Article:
Anton Jäger On Bowling Alone

  • Bowling Alone (2000) by Robert Putnam should be seen in context with the “civic crisis literature” of the 1990’s.
  • What Putnam predicted about the internet has held up well.
  • Social capital is a measure/concept responding to “the demands of quantification”. Social capital is a purely individualistic and instrumental view of social ties.
  • There is no mention of the Volcker shock or union density in Bowling Alone.
  • Party political life in the mid-20th century (example of french communists) was not merely instrumental but wholly social, sacrificial. Church and party had an active stake in personal life.
  • The internet should be considered as a social form itself. Online has neutralized and sanitized risk.
  • The British Tories were the first mass party.
  • Assumption: right-wing associations have survived so that’s why they are stronger. Actually it’s even worse, the right has the advantage of operating in capitalism and increases in asset prices sustain homeowners associations.
  • The decline in social capital drives social inequality. Middle class associational life has weathered the storm as simple economic power floats middle class ties.
  • Police unions are very strong. All this said, some right-wingers perceive that the crisis is even worse on the right.
  • Neo-feudal notion that “we’ve all become peasants” is false. Peasants were self-sufficient and Marx said that they don’t have the experience of social labour. Now the work we do on a laptop is extremely social.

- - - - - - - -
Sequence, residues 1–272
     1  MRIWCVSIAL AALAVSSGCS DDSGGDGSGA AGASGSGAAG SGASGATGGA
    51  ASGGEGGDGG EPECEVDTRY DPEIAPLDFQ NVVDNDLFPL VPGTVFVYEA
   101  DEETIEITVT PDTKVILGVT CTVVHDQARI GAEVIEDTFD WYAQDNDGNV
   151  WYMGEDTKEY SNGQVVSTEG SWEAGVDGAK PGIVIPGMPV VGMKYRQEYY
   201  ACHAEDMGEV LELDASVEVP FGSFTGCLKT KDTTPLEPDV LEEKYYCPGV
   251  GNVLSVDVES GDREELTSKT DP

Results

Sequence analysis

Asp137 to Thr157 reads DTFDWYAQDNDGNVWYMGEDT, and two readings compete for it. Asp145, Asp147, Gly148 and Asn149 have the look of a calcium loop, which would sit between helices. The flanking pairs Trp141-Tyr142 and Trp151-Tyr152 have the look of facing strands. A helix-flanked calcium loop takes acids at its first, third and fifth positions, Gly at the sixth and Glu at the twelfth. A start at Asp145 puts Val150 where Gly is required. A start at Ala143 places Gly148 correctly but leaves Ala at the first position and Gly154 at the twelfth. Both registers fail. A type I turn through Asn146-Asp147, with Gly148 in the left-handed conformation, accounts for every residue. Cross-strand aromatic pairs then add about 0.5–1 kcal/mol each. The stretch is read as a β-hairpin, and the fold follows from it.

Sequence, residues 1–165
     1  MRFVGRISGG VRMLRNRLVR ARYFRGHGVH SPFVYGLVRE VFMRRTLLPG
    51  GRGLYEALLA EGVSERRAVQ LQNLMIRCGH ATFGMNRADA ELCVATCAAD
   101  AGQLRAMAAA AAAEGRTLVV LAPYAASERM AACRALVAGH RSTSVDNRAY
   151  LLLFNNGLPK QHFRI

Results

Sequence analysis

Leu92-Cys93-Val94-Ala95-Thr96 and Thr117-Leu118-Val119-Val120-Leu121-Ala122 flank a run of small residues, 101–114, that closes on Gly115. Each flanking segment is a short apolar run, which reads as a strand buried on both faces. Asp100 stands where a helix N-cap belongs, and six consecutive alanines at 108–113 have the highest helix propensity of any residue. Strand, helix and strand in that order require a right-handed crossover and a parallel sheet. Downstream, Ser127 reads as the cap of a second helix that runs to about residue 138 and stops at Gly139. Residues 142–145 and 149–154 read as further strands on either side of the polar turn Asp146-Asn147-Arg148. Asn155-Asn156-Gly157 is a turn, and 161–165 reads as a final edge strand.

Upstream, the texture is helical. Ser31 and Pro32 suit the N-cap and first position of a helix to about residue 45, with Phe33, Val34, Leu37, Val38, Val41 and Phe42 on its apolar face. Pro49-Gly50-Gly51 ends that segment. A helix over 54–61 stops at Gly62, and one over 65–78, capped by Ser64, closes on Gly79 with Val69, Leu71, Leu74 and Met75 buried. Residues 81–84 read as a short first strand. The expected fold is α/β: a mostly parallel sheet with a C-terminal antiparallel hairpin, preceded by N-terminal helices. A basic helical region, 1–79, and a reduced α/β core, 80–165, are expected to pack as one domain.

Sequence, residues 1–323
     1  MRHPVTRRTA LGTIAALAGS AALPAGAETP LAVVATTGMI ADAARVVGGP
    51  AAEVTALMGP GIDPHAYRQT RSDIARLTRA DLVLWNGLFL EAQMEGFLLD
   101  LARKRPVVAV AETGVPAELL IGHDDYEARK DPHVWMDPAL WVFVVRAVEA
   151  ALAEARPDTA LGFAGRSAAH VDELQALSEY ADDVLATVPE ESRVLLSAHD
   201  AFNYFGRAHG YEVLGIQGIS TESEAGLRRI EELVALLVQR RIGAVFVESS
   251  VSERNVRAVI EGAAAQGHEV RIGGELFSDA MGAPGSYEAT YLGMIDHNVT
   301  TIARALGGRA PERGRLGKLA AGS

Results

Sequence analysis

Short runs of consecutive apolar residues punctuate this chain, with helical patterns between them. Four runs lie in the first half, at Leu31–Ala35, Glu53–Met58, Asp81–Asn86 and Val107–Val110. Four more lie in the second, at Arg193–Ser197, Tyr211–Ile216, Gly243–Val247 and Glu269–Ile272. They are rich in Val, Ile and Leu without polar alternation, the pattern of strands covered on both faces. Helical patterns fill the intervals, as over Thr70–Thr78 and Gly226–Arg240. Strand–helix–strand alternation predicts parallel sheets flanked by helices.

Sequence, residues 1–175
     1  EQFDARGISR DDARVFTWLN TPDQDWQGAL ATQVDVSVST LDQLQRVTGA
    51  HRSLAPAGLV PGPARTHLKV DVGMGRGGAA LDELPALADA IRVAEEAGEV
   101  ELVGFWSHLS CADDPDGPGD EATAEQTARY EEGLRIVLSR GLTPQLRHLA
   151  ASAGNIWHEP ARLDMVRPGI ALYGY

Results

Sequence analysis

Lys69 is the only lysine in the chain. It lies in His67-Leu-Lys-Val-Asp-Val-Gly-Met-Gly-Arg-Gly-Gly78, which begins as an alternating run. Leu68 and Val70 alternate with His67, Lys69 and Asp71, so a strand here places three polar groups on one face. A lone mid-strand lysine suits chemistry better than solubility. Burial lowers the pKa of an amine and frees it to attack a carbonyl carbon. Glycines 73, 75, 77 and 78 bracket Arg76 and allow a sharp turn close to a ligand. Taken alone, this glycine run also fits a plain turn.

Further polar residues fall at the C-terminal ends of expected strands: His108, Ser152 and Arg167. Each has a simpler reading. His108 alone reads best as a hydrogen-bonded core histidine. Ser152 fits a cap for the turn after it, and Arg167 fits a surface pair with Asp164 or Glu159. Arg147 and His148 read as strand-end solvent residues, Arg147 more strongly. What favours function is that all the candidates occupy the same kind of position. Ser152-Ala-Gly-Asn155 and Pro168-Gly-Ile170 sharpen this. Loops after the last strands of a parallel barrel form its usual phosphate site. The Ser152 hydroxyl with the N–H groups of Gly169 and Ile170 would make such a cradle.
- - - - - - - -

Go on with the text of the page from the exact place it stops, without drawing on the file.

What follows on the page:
Marshall McLuhan on Karl Marx, communism and “service environments”

“The mechanizing process that began in the eighteenth century and led to the development of new service environmentsthe press, the highway, the postal routes—was soon augmented by steam and rail. By the middle of the nineteenth century the extent of environmental services available to the workers of the community greatly exceeded the scale of services that could be monopolized by individual wealth. By Karl Marx’s time, a “communism” resulting from such services so far surpassed the older private wealth and services contained within the new communal environment that it was quite natural for Marx to use it as a rear-view mirror for his Utopian hopes. The paradox of poverty amidst plenty had begun. Even the pauper lived, and lives, in an environment of multi-billion dollar communal services. Yet communal wealth developed by the mechanical extensions of man was soon outstripped by the electric services that began with the telegraph and which steadily enhanced the information environment. With the advent of an electric information environment, all the territorial aims and objectives of business and politics tended to become illusory. By now Communism is something that lies more than a century behind us, and we are deep into the new age of tribal involvement.”